We’ve all seen those lists with two columns: the first one consists of dozens of million-dollar “fancy” words like ascertain, circumvent, and endeavor. The second column is a list of ten-dollar “everyday” words—find out, avoid, and try—that are replacements for the fancy ones in the first column. The idea behind this writing tip is that if you use too many fancy words, you’ll sound like a pedant or stuffed shirt. But you need to view and apply these lists with a little common sense. When writing a document, if your Writer’s Intuition tells you that ascertain is the exact right word to use, then use it.
“When we were young and fast and invincible, the Road Runner was our hero. Impervious to danger, the Road Runner ran without tiring, scooted without fear and beep-beeped coolly like a blue James Bond. But as I look down now from this creaking tower of years, I see it was the Coyote who deserved my admiration. That TV show was never about the Road Runner. It was always about the Coyote. The Coyote was determined. Determined is a word much misunderstood. Obstinate people are not determined. They merely suffer from too much pride. Stubborn people are not determined. Stubbornness is willful ignorance. Determination is an unblinking willingness to pay the price as often as it must be paid. Determination is never losing sight of your objective, no matter what comes along to distract you. Determination is endurance. How about you? If Failure appears without warning and throws you onto the rocks below, will you happily crawl out of that smoking crater and go back to work?” Roy H. Williams, author, The Wizard of Ads.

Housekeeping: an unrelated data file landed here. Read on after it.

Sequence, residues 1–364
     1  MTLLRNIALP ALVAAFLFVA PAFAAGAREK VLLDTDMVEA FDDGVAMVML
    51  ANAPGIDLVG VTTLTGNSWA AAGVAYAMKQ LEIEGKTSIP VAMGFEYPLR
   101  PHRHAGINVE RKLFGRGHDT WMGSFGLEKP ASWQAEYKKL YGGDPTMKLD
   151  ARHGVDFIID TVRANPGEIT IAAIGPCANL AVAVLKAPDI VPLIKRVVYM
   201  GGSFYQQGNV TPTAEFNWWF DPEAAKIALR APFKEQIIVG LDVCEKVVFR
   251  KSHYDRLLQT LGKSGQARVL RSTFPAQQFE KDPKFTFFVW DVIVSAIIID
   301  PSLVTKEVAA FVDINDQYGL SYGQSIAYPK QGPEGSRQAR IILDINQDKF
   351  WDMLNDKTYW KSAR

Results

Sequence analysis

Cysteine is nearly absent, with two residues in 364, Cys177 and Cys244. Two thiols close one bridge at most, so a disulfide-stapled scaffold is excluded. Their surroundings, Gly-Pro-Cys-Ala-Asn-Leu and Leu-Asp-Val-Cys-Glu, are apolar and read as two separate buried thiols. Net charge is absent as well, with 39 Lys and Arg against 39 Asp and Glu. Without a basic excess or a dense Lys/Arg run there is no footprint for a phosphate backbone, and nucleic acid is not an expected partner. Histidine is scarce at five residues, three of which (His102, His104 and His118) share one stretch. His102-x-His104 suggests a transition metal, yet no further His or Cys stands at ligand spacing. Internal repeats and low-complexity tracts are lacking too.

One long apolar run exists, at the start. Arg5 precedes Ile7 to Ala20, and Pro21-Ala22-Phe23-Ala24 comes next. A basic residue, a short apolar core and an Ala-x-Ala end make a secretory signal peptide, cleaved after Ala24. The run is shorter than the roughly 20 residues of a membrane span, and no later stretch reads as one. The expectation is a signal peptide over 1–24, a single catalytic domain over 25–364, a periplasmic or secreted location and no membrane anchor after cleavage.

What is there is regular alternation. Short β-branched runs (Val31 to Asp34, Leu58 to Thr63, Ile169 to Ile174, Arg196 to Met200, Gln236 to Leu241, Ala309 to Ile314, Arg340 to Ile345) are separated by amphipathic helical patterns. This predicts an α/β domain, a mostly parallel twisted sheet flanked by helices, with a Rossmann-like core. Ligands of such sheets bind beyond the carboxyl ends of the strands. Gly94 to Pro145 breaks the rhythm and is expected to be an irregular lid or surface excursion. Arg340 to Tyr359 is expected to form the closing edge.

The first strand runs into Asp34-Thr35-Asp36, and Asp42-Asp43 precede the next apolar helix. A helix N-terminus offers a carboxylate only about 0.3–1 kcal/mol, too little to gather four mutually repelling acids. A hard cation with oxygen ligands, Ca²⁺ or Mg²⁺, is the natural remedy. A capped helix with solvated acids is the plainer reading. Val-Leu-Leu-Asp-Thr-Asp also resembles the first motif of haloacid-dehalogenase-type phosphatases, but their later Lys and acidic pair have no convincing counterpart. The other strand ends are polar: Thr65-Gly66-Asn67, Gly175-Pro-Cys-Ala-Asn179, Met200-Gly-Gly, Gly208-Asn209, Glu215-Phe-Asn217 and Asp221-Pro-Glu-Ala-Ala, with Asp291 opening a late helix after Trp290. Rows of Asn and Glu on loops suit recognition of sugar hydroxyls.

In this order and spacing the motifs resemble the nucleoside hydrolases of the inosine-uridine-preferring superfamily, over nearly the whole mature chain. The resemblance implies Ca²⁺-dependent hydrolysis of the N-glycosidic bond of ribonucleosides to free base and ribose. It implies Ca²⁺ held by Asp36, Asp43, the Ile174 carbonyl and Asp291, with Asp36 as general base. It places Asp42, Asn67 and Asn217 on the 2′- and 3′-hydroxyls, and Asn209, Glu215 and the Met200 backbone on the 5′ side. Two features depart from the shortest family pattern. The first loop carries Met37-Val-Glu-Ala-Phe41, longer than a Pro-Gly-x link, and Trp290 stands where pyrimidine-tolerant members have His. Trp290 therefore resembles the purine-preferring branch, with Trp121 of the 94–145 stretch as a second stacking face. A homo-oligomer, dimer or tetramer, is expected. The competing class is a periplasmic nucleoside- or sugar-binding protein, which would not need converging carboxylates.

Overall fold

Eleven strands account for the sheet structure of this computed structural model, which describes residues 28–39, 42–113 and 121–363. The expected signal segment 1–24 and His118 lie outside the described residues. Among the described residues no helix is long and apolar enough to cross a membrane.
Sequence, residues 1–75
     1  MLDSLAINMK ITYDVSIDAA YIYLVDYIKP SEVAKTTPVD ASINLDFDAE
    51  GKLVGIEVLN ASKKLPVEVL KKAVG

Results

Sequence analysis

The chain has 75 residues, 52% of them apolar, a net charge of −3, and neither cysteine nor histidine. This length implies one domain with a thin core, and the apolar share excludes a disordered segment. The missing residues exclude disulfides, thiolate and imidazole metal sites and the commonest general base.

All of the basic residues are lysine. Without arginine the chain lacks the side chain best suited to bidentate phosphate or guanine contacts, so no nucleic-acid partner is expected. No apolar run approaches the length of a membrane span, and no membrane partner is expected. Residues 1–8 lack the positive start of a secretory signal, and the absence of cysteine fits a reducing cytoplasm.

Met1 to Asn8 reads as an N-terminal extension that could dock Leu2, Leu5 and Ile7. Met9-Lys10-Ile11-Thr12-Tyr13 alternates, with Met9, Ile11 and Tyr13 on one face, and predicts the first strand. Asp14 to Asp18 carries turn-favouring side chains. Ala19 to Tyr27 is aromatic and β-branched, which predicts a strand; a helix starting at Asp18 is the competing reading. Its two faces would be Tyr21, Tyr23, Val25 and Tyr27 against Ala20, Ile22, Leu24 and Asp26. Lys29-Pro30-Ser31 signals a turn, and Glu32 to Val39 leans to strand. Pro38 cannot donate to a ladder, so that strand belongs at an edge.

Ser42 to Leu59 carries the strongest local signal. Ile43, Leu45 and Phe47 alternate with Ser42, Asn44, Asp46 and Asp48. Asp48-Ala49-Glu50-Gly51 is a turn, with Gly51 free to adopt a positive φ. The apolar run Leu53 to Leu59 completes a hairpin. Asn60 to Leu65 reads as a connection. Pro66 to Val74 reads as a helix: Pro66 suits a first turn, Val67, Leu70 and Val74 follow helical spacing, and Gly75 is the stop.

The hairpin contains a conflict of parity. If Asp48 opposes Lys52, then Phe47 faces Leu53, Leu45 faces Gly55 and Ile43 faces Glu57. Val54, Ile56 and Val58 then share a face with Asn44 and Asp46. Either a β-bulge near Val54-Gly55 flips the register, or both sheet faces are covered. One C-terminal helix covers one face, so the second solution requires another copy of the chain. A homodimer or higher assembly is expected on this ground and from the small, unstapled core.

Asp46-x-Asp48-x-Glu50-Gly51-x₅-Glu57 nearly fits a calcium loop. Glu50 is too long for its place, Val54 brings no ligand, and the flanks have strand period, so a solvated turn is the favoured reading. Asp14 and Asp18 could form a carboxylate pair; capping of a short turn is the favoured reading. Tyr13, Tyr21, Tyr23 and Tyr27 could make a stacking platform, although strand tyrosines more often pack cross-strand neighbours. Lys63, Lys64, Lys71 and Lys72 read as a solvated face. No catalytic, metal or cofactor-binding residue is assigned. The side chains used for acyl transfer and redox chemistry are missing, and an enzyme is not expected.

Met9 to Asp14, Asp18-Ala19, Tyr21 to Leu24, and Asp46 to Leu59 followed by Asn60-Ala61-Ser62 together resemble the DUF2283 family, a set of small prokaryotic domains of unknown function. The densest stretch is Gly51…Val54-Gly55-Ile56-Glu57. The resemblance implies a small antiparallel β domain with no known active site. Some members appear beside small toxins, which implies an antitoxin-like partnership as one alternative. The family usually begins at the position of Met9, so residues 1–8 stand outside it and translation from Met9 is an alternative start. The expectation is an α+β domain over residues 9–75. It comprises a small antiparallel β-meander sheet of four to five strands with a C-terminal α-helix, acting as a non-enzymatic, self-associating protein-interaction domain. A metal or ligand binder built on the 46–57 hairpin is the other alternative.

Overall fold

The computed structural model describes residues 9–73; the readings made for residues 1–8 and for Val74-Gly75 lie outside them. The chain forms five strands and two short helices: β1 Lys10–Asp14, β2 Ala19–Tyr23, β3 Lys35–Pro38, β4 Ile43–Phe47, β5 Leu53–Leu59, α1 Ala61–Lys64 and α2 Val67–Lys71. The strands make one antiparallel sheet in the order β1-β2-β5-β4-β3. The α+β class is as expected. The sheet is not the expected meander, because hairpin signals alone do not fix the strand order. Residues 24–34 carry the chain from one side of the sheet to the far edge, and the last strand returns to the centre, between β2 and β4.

Now… go start that big writing project you’ve been putting off.
“The time to begin writing an article [or any document] is when you have finished it to your satisfaction. By that time you begin to clearly and logically perceive what it is that you really want to say.” This is Twain’s humorous way of saying “writing is rewriting”—a tip we all know, but is so very hard to put into practice, especially when writing under a deadline. However, the more we hear it and practice it, the better chance this tip will become part of our writing process.
Tip: Don’t overuse the to be verb (am, is, are, was, were, be, being, been) or the have verb (have, has, had) in your sentences. When you edit your work, look for any forms of these verbs and replace them with stronger ones. Choose verbs that have specific meanings, so readers aren’t left with vague descriptions. For example, revise “The CEO has a positive effect on our company” to eliminate the weak has verb and revise the sentence so that it describes what the “positive effect” actually is: “The CEO brings strong leadership to our company.” Also, use the present and past tenses of verbs—it keeps your writing more immediate and “in the present”—instead of the present- and past-progressive tenses. For example, replace “She is thinking” with “She thinks” or “He is working” with “He works.”
Mark Twain wrote by following rules. His own. Here is one we should all follow: “Substitute damn every time you’re inclined to write very. Your editor will delete it and the writing will be just as it should be.” This is a humorous way of saying, “Eliminate unnecessary words. Everything you write should be clear and concise.” Words we can all write by.
It’s National Proofreading Day on March 8th! As a gift from The Executive Writer, here is a list of proofreading tips that will ensure everything you write is clear, concise and error-free:
- Use a spell checker and grammar checker on the document as a first screening, but don’t depend on them.
- Then print out the document you need to proofread.
- Read it out loud once and then a second time silently.
- Read it backwards to focus on the spelling of words.
- As you read, use a screen (such as a blank sheet of paper) to cover the material not yet proofed.
- Point with your finger to read one word at a time.